The first trial to investigate Gilead Sciences’ Harvoni (ledipasvir/sofosbuvir) among pregnant women with hepatitis C virus (HCV) found that the regimen was well tolerated. All the women who completed sufficient follow-up were deemed cured of HCV, and none of their infants have tested positive for virus.

Catherine A. Chappell, MD, MSc, an ob-gyn at the University of Pittsburgh, presented findings from a Phase I study of Harvoni among nine pregnant women at the 2019 Conference on Retroviruses and Opportunistic Infections (CROI) in Seattle.

Catherine Chappell of Magee–Womens Research Institute, speaking at CROI 2019

Catherine Chappell of Magee–Womens Research Institute, speaking at CROI 2019Benjamin Ryan

“We need to do a larger study; and hopefully, that’s coming soon, before we can widely recommend the use of direct-acting antivirals during pregnancy,” Chappell noted at a CROI press conference.

The study screened 29 women with hep C for inclusion in the trial. They needed to be 18 to 39 years old, have genotype 1, 4, 5 or 6 of HCV, carrying a single baby with no fetal abnormalities, negative for hepatitis B virus (HBV) and HIV and scheduled to deliver at the Magee-Womens Hospital in Pittsburgh.

Exclusion criteria included previous treatment for hep C with Sovaldi (sofosbuvir) or a drug from the NS5A inhibitor class, a history of cirrhosis, clinically significant drug use, a history of high risk of spontaneous preterm birth at 34 weeks of gestation and significant abnormalities in their lab tests.

Twenty-nine pregnant women were screened and nine ultimately enrolled in the trial. They were started on 12 weeks of Harvoni at 23 to 24 weeks of gestation. Then they made clinic visits during three windows: 25 to 26 weeks, 29 to 30 weeks and 33 to 34 weeks of gestation. Next they were scheduled to make further clinic visits eight weeks, six months and 12 months after delivery.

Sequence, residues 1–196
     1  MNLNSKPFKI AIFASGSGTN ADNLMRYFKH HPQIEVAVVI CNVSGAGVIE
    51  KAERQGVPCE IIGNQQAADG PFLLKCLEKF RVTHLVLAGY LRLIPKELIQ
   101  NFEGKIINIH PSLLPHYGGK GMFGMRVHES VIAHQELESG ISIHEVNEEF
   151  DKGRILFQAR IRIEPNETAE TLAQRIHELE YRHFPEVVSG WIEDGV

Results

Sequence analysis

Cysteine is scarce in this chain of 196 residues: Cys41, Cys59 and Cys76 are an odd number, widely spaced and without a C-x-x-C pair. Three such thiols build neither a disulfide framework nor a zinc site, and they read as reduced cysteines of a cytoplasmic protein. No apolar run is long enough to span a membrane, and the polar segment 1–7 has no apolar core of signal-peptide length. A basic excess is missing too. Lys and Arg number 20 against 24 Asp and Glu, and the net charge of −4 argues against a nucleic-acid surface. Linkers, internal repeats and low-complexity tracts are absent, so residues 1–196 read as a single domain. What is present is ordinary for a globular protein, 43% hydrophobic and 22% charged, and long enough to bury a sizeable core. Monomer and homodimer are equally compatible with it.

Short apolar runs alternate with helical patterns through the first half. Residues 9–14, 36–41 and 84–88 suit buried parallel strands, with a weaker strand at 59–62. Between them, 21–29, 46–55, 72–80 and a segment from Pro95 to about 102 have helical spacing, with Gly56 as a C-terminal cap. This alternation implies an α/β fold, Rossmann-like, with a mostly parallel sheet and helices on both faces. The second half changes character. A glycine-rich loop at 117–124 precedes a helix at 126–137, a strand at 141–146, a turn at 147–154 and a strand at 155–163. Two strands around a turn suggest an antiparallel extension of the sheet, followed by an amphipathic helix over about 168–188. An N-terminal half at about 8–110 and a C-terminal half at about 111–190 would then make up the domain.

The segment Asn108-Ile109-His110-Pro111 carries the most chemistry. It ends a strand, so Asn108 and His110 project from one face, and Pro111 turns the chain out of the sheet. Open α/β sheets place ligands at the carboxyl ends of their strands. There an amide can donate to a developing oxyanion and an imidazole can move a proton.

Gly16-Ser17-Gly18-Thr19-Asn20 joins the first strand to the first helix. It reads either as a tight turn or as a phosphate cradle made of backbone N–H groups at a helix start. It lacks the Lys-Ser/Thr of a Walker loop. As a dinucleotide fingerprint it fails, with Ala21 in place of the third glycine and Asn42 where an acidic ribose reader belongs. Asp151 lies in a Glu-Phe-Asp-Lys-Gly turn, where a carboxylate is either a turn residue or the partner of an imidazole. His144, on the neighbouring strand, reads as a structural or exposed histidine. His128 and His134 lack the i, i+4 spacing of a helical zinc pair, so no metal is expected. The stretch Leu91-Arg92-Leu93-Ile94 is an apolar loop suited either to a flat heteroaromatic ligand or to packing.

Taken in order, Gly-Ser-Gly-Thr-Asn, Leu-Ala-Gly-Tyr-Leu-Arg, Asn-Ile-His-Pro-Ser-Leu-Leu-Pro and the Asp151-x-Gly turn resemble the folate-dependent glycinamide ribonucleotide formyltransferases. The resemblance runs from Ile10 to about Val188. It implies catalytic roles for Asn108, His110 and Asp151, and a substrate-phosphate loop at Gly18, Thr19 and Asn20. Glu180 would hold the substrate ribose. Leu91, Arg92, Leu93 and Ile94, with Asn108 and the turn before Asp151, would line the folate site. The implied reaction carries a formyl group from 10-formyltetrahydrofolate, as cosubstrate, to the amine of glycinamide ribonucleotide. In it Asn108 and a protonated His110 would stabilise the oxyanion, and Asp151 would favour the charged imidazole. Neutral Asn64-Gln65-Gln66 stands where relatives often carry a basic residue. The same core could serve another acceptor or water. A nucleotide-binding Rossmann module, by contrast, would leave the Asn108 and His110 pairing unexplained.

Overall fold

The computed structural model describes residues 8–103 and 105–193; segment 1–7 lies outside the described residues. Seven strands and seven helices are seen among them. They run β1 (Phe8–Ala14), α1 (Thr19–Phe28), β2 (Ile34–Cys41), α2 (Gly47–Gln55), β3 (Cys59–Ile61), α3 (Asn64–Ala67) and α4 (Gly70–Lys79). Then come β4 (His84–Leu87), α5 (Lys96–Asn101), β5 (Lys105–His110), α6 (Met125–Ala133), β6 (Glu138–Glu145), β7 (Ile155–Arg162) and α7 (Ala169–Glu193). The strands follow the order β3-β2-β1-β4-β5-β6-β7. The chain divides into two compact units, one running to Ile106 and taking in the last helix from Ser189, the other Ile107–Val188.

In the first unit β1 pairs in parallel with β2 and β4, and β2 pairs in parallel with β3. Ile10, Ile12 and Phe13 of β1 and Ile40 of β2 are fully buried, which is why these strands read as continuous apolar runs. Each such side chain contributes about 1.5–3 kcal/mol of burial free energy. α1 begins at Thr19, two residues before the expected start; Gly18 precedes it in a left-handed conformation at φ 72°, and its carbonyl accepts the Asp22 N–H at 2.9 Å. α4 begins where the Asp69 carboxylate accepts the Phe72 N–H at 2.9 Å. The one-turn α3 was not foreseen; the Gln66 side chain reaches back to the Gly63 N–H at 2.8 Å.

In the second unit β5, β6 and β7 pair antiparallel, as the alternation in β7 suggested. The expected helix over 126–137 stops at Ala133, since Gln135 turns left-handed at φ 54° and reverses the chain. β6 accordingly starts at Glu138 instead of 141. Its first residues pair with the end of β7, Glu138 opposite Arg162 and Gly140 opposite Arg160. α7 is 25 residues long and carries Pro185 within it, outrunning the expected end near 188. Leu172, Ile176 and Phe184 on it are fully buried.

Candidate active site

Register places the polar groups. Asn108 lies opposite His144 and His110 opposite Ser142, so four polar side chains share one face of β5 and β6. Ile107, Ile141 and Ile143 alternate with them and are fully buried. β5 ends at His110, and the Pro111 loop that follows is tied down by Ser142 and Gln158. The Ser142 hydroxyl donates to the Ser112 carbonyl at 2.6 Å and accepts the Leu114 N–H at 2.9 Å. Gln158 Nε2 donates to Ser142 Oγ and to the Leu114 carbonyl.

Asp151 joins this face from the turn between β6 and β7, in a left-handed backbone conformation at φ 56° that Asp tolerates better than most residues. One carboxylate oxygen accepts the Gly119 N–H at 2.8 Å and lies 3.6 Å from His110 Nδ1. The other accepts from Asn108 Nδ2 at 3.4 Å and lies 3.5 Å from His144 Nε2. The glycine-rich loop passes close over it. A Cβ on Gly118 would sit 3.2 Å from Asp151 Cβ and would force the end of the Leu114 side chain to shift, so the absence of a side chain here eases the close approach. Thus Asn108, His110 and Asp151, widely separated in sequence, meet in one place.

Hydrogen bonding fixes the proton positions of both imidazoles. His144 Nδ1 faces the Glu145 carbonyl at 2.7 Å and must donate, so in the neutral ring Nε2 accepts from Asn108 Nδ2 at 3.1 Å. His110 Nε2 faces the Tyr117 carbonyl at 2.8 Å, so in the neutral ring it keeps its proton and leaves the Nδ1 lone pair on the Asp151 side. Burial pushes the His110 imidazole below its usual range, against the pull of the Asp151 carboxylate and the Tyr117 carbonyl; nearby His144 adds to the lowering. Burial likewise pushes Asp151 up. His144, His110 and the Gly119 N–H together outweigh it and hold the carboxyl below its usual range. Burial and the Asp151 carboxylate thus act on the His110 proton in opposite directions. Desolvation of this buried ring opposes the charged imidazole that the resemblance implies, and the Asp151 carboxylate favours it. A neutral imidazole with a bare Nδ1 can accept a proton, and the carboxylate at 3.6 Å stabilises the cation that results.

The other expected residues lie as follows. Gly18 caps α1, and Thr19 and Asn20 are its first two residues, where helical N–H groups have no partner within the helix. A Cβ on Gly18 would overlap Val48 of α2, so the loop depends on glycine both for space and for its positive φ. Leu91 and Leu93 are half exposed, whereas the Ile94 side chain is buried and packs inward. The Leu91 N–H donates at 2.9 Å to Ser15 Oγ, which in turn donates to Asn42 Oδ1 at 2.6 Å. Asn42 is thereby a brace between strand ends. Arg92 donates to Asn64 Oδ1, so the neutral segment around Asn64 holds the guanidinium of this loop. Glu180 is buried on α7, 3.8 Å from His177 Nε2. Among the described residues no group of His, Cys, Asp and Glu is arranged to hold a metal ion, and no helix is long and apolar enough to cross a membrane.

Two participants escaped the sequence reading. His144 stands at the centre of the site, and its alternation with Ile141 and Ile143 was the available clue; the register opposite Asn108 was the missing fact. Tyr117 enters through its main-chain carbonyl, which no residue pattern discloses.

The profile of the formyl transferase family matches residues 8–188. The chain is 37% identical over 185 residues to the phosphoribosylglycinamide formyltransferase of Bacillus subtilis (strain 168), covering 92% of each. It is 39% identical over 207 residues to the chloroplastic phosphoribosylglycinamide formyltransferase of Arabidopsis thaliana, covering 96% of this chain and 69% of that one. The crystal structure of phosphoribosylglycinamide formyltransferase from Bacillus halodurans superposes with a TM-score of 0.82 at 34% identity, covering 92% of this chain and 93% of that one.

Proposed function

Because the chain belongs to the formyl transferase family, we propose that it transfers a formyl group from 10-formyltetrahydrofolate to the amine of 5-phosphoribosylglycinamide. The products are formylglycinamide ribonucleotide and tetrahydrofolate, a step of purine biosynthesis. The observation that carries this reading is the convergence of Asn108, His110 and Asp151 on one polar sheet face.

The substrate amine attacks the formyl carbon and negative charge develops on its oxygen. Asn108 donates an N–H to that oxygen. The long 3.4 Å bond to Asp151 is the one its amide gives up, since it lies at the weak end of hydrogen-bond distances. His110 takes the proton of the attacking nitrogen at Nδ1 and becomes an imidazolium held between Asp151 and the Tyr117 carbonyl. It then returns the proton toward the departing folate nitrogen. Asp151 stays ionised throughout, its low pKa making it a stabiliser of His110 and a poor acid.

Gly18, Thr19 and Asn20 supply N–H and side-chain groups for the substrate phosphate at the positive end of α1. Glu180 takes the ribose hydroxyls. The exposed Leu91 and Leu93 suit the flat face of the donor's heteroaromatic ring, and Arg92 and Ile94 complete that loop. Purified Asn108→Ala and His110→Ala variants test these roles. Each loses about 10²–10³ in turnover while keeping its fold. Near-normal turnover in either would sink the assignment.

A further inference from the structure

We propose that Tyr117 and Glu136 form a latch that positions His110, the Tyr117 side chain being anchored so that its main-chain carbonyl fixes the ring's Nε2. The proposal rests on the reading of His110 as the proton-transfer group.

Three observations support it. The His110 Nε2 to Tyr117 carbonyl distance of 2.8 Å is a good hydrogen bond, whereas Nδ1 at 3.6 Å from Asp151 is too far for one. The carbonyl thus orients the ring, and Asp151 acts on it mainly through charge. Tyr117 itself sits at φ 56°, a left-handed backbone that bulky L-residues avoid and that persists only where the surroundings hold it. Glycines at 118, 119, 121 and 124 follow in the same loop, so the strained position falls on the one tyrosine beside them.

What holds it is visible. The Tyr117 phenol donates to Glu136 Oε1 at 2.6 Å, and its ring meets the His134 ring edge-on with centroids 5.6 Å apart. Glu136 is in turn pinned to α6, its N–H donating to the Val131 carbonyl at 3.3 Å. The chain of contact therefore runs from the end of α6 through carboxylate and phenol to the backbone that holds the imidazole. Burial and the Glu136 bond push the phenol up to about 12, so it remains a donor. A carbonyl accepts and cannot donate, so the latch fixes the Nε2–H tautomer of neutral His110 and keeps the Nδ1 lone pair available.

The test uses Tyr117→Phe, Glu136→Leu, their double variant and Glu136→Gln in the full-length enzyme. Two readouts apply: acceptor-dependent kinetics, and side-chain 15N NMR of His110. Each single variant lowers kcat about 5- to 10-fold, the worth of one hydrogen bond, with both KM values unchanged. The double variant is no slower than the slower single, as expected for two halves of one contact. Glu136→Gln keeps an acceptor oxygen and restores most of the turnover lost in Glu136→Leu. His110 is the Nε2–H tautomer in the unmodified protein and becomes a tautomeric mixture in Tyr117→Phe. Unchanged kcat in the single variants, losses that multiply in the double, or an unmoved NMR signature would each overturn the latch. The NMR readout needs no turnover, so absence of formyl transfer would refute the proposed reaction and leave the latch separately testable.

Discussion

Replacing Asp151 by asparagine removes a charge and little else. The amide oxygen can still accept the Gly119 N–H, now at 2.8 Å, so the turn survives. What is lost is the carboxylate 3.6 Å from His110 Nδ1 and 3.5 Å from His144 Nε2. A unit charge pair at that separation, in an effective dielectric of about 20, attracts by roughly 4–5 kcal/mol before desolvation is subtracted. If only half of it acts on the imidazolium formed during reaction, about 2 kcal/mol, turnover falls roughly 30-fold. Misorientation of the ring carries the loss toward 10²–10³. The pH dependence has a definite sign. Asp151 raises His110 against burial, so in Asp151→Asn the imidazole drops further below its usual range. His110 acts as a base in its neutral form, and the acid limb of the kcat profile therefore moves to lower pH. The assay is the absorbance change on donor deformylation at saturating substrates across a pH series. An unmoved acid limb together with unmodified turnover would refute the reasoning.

The women had a median age of 31 years old. All nine were white. Eight (89 percent) had public insurance and one (11 percent) had military insurance. Six (67 percent) had more than a high school education. Seven (78 percent) smoked cigarettes, and four (44 percent) were on treatment for opioid use disorder, including two (22 percent) who were on methadone and two (22 percent) who were on buprenorphine. Eight (89 percent) of the women contracted hep C through injection drug use, and one (11 percent) did so perinatally. One (11 percent) had a viral load above 6 million when she entered the study, and eight (89 percent) had genotype 1a of the virus.

All nine women completed the Harvoni regimen, and eight of them have achieved a sustained virologic response 12 weeks after completing therapy (SVR12, considered a cure). Five women have completed the year of follow-up, and four are still in follow-up.

Five (56 percent) of the women experienced adverse health events, none more severe than grade 2. Five (56 percent) women had a vaginal delivery. The median gestational age of the infants at delivery was 39 weeks, and the median birth weight was 3.29 kilograms (7 pounds, 4 ounces). Infants remained in the hospital for a median of three days. None of the infants experienced adverse health events, and none have tested positive for hep C.

To read the conference abstract, click here.

To view a webcast of the conference presentation, click here.